6 Chapitre 4 : Mesure de la réactivité OH à Paris pendant MEGAPOLI hiver Introduction The hydroxyl radical (OH) represents the most important oxidant in the troposphere. It governs the atmospheric lifetime of most reactive trace species of anthropogenic and biogenic origin and contributes to the self-cleansing capacity of the atmosphere. Generally, the production processes for OH are relatively well understood. However, the loss processes or the sink term of the OH radicals is still poorly constrained. In most cases the overall sink term of OH radicals is estimated by the sum of the products of concentration and the rate coefficient of all individually measured species reactive to the OH radical. This method has proved to be rather limited due to the large number of OH reactive volatile organic compounds (VOCs) in urban air (Lewis et al., 2000 and Xu et al., 2003). Recently, Goldstein and Galablly (2007) postulated that 10 5 different VOCs have been detected in the Earth s atmosphere. Moreover, recent studies showed that there are unknown reactive species that contribute to the total OH reactivity (Di Carlo et al., 2004; Sinha et al., 2010; Kato et al., 2011). The necessity of measuring the total sink of OH radicals, also called the OH reactivity (s -1 ), has therefore become evident. Presently three different types of instruments exist for the direct measurement of the total OH reactivity. The LIF community has two versions depending on how they produce OH in their reactor. The first method is based on the Laser Induced Fluorescence (LIF) technique which records the decay (loss rate) of the OH radicals. Two versions of instruments using LIF technique exist: one that measures the OH reactivity as the inverse of the atmospheric OH lifetime in a reaction flow tube with a movable OH injector (Kovacs and Brune, 2001; Mao et al., 2010; Ingham et al., 2009) the other one uses a laser pump and probe technique (Sadanaga et al., 2005). The second method is called the Comparative Reactivity Method (CRM) and is based on comparative OH reactivity measurement in a flow reactor against the known OH reactivity of an added reagent (e.g. pyrrole, C 4 H 5 N). CRM has been developed and described in detail by Sinha et al. (2008). Total OH reactivity has been measured in different environments for the last decade. Lou et al. (2010) reported 18 studies conducted in urban, rural and forested areas. The urban areas investigated included studies over New York City (summer 2001 and winter 2004), Mexico City Metropolitan area (spring 2003), Tokyo (summer 2003, winter 2004), Houston (autumn 2000, autumn 2006), Nashville (summer 1999) and Mainz (summer 2008). The ranges of the OH reactivity registered in these urban areas went from 6s -1, for the clean atmosphere of the small city of Mainz, Germany (Sinha et al., 2008) to 200s -1, for the extremely polluted air of Mexico City (Shirley et al., 2006). More recently, Sinha et al. (2012) (paper submitted to ACPD) report measurements from El Arenosillo in Spain, where OH reactivity ranged from below detection limit in marine air masses up to 70s -1 in continental air masses. Studies from forested areas have identified high percentages of missing OH reactivities, obtained from the comparison between the measured and the calculated reactivity, (70% in the tropical forest of Surinam, Sinha et al., 2008 and 50% in boreal forest in Finlande, Sinha et al., 2010), but also in rural areas (50% in 146 Mesure de la réactivité atmosphérique totale avec les radicaux OH : Développement et applications en Ile-de-France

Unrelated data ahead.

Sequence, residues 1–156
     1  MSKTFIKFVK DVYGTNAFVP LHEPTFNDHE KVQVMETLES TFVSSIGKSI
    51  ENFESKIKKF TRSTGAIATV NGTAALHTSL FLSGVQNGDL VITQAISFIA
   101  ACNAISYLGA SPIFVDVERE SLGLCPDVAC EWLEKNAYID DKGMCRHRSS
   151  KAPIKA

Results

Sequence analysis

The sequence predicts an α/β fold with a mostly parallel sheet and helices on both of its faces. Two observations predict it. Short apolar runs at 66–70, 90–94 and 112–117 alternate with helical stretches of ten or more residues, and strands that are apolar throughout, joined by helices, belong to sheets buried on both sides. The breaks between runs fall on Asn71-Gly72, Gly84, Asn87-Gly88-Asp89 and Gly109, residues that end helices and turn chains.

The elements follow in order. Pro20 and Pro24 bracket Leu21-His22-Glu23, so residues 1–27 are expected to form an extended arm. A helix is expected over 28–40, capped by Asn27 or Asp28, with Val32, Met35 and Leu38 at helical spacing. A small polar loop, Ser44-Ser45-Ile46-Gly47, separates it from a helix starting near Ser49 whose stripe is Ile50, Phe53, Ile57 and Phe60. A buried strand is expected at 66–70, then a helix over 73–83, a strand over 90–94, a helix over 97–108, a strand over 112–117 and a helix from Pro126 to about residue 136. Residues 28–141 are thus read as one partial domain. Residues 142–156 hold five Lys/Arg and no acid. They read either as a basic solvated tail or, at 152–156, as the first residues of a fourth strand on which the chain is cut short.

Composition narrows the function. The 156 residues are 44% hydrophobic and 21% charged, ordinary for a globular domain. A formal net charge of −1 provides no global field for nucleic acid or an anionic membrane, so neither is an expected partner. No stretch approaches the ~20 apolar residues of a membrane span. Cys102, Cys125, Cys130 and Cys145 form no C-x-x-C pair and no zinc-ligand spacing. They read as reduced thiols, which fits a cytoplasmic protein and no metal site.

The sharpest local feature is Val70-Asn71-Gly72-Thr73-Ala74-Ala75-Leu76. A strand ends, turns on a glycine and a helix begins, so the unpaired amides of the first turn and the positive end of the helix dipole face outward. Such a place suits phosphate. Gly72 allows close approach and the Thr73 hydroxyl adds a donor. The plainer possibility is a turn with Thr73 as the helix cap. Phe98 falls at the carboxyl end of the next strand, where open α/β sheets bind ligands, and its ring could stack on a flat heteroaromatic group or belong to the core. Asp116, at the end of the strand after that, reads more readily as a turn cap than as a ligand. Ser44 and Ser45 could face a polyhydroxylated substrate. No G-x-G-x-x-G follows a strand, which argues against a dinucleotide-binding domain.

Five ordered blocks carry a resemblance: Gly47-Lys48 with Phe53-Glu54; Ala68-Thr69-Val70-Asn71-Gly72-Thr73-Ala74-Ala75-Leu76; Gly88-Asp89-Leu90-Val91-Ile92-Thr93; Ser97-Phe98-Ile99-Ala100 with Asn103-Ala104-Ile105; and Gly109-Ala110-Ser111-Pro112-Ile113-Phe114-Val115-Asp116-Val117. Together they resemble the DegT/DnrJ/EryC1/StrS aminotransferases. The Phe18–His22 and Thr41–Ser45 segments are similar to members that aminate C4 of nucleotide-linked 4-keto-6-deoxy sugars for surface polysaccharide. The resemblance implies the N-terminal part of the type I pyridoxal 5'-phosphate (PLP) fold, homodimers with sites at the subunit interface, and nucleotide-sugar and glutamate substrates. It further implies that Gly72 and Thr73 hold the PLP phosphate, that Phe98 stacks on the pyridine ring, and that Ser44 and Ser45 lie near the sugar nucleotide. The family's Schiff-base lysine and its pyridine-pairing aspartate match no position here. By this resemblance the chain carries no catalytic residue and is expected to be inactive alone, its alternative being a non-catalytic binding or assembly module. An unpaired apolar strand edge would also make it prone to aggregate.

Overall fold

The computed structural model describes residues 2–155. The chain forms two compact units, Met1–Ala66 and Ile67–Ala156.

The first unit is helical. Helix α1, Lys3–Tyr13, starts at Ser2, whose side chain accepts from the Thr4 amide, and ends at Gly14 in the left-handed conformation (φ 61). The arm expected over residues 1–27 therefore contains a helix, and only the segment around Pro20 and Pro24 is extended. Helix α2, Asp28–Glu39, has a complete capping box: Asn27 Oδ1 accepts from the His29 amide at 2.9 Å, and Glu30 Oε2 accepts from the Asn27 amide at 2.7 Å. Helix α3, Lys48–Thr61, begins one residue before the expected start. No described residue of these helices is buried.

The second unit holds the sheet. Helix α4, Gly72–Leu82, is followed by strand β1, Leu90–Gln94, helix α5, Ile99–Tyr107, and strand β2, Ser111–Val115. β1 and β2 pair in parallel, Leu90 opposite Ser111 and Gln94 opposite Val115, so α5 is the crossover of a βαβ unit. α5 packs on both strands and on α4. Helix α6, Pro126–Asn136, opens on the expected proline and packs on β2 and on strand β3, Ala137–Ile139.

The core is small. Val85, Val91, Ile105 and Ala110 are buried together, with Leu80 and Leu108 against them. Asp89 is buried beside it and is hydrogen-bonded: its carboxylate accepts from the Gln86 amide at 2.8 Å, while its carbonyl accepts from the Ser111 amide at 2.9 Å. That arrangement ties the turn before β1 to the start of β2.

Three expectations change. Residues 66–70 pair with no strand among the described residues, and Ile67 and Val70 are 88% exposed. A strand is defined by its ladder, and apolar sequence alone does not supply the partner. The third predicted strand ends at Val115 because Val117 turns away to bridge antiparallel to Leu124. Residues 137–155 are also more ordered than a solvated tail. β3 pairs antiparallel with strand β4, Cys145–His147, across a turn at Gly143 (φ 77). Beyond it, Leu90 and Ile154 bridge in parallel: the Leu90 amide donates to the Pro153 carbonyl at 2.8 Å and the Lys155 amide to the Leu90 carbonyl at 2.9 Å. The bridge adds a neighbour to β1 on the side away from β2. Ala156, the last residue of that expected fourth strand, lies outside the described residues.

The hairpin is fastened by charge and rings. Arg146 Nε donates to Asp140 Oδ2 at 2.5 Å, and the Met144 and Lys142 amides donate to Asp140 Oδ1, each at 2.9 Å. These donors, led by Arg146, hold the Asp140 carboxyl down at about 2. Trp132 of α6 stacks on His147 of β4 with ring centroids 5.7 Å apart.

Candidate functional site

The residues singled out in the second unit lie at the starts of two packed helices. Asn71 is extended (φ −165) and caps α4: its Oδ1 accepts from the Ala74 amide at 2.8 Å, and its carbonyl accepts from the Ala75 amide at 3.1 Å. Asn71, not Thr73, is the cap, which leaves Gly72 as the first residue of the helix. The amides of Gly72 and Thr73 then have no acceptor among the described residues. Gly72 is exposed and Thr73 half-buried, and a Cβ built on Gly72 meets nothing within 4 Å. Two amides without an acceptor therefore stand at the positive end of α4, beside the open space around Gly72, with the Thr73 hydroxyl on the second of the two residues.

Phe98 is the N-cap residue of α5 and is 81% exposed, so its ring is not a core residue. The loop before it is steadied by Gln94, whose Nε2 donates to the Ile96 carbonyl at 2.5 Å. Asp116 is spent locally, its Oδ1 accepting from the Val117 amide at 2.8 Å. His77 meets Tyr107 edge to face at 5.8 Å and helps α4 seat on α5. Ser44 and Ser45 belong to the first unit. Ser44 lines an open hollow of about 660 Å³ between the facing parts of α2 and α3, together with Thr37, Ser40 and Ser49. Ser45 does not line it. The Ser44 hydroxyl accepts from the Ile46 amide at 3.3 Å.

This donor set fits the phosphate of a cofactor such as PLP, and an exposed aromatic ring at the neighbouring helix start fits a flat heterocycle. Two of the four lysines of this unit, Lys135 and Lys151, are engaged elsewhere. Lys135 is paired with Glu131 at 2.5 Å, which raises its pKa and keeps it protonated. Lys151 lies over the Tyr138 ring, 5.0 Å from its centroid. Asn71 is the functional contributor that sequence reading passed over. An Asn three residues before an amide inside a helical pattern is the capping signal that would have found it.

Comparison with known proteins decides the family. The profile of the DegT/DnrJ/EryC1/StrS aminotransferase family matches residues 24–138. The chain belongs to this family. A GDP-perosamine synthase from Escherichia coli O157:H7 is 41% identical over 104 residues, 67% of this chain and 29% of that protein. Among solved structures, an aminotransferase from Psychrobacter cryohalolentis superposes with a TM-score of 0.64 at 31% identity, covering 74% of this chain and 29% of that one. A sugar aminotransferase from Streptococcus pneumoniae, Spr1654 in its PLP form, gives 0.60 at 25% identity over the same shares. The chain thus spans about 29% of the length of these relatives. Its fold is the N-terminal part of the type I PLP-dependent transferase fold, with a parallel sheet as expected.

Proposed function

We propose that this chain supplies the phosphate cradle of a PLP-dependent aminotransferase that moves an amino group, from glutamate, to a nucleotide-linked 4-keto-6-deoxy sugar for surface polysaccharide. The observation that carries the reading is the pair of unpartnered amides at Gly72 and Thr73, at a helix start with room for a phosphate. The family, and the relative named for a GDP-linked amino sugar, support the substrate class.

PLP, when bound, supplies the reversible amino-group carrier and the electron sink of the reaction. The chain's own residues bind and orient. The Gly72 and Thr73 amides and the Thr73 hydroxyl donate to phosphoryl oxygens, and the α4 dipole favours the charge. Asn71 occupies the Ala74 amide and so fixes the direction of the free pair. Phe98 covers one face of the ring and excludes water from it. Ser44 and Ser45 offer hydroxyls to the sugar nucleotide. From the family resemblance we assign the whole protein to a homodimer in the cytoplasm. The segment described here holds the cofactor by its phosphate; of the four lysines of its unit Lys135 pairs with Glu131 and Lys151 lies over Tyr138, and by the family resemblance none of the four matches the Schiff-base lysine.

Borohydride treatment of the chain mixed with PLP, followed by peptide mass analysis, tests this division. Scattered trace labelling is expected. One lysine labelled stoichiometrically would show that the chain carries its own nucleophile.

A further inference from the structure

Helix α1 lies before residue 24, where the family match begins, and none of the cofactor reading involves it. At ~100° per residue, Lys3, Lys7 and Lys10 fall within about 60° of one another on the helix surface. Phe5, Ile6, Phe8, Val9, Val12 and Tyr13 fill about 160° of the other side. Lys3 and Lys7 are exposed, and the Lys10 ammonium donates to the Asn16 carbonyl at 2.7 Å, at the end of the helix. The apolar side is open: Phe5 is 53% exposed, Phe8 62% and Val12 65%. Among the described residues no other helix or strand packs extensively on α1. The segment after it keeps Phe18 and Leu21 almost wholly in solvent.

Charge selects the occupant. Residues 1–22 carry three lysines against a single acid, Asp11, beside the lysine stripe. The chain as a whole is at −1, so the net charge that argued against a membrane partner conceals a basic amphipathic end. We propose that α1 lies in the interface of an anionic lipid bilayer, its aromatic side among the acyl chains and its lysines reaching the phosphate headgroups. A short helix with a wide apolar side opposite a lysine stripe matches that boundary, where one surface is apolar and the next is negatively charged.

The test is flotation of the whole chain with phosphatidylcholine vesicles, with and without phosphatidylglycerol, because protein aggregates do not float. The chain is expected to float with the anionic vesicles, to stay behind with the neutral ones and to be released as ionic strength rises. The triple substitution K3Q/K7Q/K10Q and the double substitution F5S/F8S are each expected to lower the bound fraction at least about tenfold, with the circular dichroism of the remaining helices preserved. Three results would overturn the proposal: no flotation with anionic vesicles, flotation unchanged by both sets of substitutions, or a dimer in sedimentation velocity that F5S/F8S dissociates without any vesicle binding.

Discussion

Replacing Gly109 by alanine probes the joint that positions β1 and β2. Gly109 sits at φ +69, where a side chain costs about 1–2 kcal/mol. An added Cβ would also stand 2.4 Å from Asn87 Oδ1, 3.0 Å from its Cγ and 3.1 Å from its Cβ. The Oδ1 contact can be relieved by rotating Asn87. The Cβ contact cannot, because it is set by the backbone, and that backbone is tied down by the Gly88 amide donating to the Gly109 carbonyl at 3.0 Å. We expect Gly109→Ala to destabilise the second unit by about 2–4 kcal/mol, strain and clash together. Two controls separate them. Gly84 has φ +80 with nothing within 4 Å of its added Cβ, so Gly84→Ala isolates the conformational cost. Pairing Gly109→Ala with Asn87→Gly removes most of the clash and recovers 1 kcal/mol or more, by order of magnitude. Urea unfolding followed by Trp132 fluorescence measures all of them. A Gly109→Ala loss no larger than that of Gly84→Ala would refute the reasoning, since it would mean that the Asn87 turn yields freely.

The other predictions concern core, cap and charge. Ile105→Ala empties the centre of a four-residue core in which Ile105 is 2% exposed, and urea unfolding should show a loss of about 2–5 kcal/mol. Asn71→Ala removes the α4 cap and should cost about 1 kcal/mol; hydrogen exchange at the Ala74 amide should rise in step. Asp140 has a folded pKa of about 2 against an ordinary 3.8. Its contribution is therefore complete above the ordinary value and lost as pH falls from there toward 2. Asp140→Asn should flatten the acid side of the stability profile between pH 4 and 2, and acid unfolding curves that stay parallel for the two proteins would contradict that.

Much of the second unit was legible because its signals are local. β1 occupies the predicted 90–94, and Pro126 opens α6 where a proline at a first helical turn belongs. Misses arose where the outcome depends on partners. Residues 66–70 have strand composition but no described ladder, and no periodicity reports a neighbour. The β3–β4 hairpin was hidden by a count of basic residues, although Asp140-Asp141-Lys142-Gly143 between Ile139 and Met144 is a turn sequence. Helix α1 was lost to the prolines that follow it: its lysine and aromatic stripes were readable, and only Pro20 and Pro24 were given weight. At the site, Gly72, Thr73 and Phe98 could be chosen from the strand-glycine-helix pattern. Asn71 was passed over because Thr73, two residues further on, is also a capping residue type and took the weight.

7 Chapitre 4 : Mesure de la réactivité OH à Paris pendant MEGAPOLI hiver 2010 a subtropical rural area in PRD of China, Lou et al., 2010). In contrast, missing OH reactivity studies in megacities reported relatively low levels of missing OH reactivity: maximums of 30% for New York 2004 and Tokyo If the studies showed that in the case of the forested areas, the responsible compounds of the missing OH reactivity were non-measured biogenic compounds, the question is still open for the origin of the missing OH reactivity in an urban area. This paper presents the OH reactivity measurements by CRM method conducted in January February 2010 within the framework of the EU project MEGAPOLI (http://megapoli.dmi.dk), in the city of Paris and its surrounding region (called Ile de France ) with almost 12 million inhabitants, and which constitutes one of the few megacities in Europe. The employed method (CRM) was previously described in only four other studies: Sinha et al. (2008), Sinha et al. (2010), Kim and al. (2011) (but this is a modified version and not strictly our method) and Sinha et al. (2012). All of these measurements were made in environments poor in NO emissions, as interferences dues to OH recycling via NO + HO 2 reactions at NO > 5 ppbv in the setup were reported. This is for the first time that the CRM method has been used to measure OH reactivity measurements in an urban area characterized by high levels of NO emissions, as Paris was identified as a city mainly impacted by traffic emissions (Vardulakis et al., 2002). Therefore, the initial part of the article presents the experimental setup and the quantification of interferences in the system used for the MEGAPOLI winter campaign The geographical location of Paris a relatively small-area basin surrounded by rural areas makes it a favourable place to study purely local OH reactivity levels emitted by a megacity when air masses come from the clean marine western sector, and to characterize the impact of the European contribution when air masses come from the eastern sector. Within the MEGAPOLI framework a large number of compounds has been simultaneously measured during this campaign: NOx (sum of NO and NO 2 ), carbon monoxide (CO), ozone (O 3 ), non-methane hydrocarbons (NMHCs) and oxygenated VOCs (OVOCs). We could therefore compare the observed OH reactivity with the calculated values, which were derived using the observed concentrations of the trace species. 2. Experimental: 2.1. Experimental setup and field deployment Experimental setup: 147 Mesure de la réactivité atmosphérique totale avec les radicaux OH : Développement et applications en Ile-de-France